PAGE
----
It may be important to you – and it’s often important to the court – that you and your child’s other parent still have some communication, especially when it comes to making a parenting plan. Your parenting plan will be the key document that decides how you and your ex-spouse work together for the well-being of your child. For example, the parenting schedule may detail which parent has your child each week, where your child goes to school, who has your child on the holidays and if your child has a religious upbringing.
Many parents can put aside their marital differences and make something great for the benefit of their child. However, some parents can be difficult, making it hard for the other parent to continue raising their children how they intend to. Depending on what your ex-spouse is like, you may need to consider if you’ll have a co-parenting plan or a parallel parenting plan.
Here’s what you should know:
Working with your ex-spouse in a co-parenting plan
Maybe your ex-spouse wasn’t the greatest significant other, but they’re still a good parent, this may be an indicator that a co-parenting plan is right for you. In this plan, parents usually have split responsibilities and both parents have a say when it comes to raising their child – all in the best interests of your child. Not only will you both make joint agreements but you’ll also likely communicate frequently when making plans to avoid confusion and arguments.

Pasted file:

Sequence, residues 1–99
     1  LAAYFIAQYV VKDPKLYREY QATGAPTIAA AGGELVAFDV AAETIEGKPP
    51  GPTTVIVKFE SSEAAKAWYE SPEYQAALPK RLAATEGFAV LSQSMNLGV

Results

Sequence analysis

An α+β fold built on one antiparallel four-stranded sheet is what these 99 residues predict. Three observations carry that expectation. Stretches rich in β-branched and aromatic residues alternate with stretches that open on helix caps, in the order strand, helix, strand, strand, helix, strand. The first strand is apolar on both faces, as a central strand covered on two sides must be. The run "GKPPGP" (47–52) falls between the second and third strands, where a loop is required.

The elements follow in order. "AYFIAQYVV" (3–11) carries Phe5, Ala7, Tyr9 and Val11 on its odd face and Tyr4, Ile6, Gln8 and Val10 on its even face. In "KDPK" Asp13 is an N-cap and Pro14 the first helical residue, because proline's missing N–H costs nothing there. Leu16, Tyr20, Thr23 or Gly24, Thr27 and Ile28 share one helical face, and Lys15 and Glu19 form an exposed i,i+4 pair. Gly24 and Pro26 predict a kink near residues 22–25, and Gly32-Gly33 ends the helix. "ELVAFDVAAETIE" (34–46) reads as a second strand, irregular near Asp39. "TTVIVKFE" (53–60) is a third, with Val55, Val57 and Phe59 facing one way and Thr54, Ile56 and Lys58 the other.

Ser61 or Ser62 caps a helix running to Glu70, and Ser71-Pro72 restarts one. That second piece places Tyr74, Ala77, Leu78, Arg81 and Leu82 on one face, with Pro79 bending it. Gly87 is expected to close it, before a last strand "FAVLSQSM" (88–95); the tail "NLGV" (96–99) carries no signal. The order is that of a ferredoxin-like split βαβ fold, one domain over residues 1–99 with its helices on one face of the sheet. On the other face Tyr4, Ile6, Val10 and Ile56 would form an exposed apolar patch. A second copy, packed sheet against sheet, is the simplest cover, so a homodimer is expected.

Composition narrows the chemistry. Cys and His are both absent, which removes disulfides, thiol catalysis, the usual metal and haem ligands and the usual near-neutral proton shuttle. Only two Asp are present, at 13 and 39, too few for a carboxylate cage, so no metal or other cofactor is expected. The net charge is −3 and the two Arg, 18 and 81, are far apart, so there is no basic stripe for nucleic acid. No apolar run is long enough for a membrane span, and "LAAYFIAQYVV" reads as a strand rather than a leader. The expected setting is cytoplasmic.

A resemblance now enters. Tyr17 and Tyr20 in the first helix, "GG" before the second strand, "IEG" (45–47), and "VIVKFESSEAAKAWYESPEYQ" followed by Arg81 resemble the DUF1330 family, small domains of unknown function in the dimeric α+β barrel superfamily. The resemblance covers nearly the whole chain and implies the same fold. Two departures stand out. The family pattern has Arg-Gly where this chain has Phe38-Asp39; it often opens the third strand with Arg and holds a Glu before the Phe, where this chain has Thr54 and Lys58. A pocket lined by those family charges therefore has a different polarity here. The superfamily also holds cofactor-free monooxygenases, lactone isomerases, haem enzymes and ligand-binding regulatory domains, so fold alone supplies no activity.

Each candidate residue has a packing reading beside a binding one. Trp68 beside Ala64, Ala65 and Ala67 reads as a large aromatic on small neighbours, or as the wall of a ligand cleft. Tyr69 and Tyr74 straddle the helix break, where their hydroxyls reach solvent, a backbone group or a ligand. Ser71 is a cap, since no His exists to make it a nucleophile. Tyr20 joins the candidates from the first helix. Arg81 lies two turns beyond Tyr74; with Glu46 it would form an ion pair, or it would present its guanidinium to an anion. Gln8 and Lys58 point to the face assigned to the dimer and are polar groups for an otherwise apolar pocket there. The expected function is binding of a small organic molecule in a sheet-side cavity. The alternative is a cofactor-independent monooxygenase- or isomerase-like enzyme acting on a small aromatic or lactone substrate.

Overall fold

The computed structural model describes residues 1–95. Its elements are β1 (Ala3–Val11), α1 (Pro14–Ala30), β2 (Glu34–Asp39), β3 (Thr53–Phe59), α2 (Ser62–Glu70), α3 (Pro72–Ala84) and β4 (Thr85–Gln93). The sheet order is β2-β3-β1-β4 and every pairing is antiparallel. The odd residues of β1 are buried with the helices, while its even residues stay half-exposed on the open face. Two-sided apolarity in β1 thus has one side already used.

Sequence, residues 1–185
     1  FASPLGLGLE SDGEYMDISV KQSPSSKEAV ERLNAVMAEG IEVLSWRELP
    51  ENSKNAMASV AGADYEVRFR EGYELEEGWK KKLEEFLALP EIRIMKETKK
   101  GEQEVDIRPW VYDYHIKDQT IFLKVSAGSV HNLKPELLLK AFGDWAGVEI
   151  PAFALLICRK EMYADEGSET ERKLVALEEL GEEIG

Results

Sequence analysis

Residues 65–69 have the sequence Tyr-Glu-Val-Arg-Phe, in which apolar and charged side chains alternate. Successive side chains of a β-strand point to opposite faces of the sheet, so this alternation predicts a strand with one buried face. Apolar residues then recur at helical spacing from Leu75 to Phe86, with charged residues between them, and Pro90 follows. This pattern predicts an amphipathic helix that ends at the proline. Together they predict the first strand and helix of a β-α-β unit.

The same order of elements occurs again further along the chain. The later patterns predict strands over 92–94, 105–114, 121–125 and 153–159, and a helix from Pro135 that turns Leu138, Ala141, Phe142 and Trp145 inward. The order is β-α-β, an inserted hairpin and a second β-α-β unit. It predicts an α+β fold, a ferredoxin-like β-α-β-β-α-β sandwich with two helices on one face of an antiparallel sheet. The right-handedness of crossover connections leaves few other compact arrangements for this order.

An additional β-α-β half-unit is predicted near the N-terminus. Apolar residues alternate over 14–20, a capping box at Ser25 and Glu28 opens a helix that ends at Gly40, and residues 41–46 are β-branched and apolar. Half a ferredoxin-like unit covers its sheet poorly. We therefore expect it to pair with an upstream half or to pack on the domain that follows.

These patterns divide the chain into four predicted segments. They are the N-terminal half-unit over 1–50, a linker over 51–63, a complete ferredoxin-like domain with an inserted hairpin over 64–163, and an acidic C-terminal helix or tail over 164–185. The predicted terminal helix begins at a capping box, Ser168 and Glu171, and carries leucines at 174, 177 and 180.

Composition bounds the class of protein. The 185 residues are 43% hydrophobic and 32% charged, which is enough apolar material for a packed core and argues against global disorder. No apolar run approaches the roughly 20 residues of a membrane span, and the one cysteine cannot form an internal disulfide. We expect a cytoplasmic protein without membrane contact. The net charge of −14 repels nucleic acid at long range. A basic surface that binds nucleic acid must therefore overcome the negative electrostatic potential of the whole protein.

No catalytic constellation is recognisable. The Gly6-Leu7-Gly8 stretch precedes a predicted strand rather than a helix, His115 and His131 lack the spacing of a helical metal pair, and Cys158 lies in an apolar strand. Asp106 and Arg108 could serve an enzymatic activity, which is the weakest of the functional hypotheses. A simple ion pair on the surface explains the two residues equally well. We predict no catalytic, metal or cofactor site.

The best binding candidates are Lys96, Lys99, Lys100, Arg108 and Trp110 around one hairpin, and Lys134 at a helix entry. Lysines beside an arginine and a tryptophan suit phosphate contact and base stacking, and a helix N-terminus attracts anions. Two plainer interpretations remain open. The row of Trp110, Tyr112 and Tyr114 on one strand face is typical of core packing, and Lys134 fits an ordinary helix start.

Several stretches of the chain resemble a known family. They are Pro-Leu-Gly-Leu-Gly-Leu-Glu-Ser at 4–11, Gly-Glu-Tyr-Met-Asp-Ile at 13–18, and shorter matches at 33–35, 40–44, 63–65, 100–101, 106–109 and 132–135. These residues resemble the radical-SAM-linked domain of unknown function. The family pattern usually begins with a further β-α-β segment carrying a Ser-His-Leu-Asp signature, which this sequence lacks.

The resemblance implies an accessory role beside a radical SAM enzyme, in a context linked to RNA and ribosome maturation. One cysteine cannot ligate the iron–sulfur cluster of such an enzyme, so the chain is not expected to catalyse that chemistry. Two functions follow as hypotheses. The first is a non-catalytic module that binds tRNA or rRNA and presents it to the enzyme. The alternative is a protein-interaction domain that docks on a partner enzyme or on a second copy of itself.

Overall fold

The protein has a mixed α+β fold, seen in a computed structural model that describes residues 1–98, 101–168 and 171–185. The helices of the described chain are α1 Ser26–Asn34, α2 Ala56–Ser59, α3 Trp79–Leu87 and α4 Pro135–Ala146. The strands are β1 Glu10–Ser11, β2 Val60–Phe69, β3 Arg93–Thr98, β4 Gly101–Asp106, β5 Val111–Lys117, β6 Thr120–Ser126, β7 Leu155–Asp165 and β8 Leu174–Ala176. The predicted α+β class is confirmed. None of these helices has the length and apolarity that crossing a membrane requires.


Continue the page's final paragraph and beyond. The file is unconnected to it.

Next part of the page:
Working around your ex-spouse in a parallel parenting plan
Some spouses are just as good at being a significant other as they are being a parent, that’s to say, not very well. If your ex-spouse wants to control everything you do with your child and even make it hard to spend time with your child, then you’ll likely need a parallel parenting plan. This plan is made to create as much distance between parents without making it hard on their child by limiting communications and giving parents individual responsibilities.
Do you have an idea of what kind of parenting plan is best for you? Then you may need to know your legal options when planning out what’s best for your child.